Currently, the markets with the lowest retail vacancy rates include San Francisco, at 3.5 percent; Fairfield County, Conn., 3.9 percent; San Jose, Calif., 4.6 percent; Orange County, Calif., 5.2 percent; and Long Island, N.Y., at 5.3 percent.
Average retail rents are forecast to rise 2.0 percent in 2014 and 2.5 percent next year. Net absorption of retail space is likely to total 11.4 million square feet this year and jump to 18.9 million in 2015.
The apartment rental market – multifamily housing – should see vacancy rates slightly increase from 4.0 percent currently to 4.3 percent in the fourth quarter of 2015. Vacancy rates below 5 percent are generally considered a landlord’s market, with demand justifying higher rent.
Areas with the lowest multifamily vacancy rates currently are Orange County, Calif., and Sacramento, Calif., at 2.2 percent; Providence, R.I., and New Haven, Conn., at 2.3 percent; and Hartford, Conn., at 2.5 percent.
Average apartment rents are projected to rise 4.0 this year and 3.9 percent in 2015. Multifamily net absorption is expected to total 216,300 units in 2014 and 171,200 next year.
Click this link to see all multifamily units for sale in Bend Oregon.
Real Estate Sales Brisk
Bend Oregon real estate sales continue at a brisk pace while existing-home sales in the West declined 5.0 percent to an annual rate of 1.14 million in October, and remain 3.4 percent below a year ago. The median price in the West was $296,800, which is 5.0 percent above October 2013. Nationally, existing-home sales rose in October for the second straight month and are now above year-over-year levels for the first time in a year, according to the National Association of Realtors.
Total existing-home sales, which are completed transactions that include single-family homes, town homes, condominiums and co-ops, rose 1.5 percent to a seasonally adjusted annual rate of 5.26 million in October from an upwardly-revised 5.18 million in September. Sales are at their highest annual pace since September 2013 (also 5.26 million) and are now above year-over-year levels (2.5 percent from last October) for the first time since last October.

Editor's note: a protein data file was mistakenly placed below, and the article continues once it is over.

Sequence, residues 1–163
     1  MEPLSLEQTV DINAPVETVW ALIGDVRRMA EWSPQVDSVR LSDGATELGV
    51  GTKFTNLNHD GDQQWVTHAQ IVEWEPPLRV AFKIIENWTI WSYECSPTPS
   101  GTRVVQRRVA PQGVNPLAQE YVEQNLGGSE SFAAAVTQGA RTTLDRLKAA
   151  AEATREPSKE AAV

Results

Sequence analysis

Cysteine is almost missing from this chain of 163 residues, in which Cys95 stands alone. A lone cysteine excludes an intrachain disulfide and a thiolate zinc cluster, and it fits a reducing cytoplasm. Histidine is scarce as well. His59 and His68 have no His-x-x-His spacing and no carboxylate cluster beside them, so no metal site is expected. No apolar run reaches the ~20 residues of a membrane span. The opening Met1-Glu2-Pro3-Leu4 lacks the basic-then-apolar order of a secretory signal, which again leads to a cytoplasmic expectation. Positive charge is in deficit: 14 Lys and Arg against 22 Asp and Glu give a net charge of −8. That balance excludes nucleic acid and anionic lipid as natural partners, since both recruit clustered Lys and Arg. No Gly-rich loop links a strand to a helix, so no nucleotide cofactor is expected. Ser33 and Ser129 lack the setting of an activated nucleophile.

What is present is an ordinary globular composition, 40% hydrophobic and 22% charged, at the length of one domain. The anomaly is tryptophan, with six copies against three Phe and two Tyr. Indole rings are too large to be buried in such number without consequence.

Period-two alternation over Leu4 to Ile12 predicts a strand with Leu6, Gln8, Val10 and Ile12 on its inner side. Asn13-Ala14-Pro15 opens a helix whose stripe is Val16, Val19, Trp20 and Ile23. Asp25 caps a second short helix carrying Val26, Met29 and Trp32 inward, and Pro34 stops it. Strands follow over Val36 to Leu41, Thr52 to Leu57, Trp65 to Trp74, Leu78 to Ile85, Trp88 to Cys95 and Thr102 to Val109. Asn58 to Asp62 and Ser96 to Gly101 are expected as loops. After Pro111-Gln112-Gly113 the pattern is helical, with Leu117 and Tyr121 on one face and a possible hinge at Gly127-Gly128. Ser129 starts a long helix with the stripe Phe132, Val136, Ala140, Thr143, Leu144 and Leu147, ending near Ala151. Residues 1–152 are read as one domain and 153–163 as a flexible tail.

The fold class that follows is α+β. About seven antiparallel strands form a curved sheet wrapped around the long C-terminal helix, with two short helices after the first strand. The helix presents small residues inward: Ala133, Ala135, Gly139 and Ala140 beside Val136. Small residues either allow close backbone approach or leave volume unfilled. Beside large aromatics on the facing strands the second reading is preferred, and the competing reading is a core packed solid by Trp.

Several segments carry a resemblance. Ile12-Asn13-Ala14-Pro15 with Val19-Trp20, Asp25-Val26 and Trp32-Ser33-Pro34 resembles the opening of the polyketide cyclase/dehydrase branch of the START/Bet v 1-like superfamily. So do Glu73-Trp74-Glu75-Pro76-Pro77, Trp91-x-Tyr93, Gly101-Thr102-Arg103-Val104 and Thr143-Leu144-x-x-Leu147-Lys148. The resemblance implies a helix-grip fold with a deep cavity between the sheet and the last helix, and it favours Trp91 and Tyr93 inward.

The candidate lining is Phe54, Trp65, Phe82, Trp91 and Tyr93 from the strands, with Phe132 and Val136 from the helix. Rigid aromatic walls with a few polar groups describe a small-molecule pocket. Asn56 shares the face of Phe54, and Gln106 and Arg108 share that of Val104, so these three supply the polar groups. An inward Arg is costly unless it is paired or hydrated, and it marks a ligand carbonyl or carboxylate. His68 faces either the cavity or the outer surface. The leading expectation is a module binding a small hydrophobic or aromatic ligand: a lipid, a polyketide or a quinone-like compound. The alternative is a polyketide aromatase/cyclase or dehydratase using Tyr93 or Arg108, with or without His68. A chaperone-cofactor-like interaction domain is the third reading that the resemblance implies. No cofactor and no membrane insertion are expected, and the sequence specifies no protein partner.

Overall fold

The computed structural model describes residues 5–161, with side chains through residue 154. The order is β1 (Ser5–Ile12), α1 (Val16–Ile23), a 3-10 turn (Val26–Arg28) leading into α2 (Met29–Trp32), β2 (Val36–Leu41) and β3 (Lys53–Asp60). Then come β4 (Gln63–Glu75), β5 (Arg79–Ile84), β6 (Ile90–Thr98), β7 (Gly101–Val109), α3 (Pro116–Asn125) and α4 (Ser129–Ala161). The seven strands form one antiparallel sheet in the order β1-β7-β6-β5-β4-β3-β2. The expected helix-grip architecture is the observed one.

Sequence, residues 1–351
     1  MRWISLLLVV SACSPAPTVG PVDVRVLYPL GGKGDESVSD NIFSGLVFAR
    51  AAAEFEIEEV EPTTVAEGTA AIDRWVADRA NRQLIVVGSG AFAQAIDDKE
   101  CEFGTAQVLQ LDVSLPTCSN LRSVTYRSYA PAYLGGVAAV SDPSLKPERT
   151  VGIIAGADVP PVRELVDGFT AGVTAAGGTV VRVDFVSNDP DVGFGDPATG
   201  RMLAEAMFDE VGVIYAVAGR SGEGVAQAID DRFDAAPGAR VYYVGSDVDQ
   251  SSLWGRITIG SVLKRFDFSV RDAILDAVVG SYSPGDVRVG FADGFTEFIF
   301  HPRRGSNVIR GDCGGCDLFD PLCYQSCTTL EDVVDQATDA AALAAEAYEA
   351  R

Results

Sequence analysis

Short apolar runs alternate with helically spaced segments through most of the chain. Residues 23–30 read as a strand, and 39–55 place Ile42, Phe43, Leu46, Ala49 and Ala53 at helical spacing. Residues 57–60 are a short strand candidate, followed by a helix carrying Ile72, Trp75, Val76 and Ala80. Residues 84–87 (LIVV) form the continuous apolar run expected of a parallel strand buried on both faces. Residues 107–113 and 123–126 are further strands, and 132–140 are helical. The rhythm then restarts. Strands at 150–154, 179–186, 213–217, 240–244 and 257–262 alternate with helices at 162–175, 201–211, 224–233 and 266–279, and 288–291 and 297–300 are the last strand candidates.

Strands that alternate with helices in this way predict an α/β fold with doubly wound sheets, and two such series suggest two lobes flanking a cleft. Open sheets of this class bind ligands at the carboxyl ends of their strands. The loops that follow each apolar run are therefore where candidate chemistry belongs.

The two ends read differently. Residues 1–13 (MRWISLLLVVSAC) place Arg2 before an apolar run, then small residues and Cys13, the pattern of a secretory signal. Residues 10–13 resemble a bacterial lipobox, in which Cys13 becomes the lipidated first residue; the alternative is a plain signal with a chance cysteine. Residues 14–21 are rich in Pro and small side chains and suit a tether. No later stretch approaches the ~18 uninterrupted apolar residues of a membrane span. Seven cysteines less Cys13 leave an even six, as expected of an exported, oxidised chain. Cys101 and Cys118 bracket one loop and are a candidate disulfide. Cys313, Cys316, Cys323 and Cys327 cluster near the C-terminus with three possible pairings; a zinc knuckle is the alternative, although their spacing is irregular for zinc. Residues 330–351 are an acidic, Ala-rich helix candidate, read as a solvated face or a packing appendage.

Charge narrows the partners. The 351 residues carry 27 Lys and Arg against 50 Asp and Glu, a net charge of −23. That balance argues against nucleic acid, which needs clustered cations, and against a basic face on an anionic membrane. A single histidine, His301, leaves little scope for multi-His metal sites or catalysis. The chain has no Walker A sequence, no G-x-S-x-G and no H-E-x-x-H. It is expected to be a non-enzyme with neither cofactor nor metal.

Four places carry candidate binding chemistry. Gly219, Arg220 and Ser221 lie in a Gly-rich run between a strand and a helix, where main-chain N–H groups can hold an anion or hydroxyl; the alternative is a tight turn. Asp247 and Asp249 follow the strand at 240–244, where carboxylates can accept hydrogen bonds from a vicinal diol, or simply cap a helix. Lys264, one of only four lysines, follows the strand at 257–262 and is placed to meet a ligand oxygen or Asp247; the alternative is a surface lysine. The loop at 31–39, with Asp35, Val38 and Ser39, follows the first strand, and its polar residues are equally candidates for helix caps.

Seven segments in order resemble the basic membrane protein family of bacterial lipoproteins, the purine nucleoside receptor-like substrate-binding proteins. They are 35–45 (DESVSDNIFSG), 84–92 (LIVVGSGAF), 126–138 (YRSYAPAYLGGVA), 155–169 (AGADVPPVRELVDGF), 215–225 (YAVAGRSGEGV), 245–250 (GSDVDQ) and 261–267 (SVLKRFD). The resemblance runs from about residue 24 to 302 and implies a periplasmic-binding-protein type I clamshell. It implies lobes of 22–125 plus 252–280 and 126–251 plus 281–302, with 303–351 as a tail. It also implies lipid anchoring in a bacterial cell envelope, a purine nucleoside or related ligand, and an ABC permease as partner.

Lawrence Yun, National Association of Realtors chief economist, says the housing market this year has been a tale of two halves. “Sales activity in October reached its highest annual pace of the year as buyers continue to be encouraged by interest rates at lows not seen since last summer, improving levels of inventory and stabilizing price growth,” he said. “Furthermore, the job market has shown continued strength in the past six months. This bodes well for solid demand to close out the year and the likelihood of additional months of year-over-year sales increases.”
The median existing-home price for all housing types in October was $208,300, which is 5.5 percent above October 2013. This marks the 32nd consecutive month of year-over-year price gains.
Total housing inventory at the end of October fell 2.6 percent to 2.22 million existing homes available for sale, which represents a 5.1-month supply at the current sales pace – the lowest since March (also 5.1 months). Unsold inventory is now 5.2 percent higher than a year ago, when there were 2.11 million existing homes available for sale.
“The growth in housing supply this year will likely prevent the drastic sales slowdown and coinciding spike in home prices we saw last winter due to low inventory,” says Yun. “However, more housing starts are needed to increase supply, meet current demand and keep price growth in check.”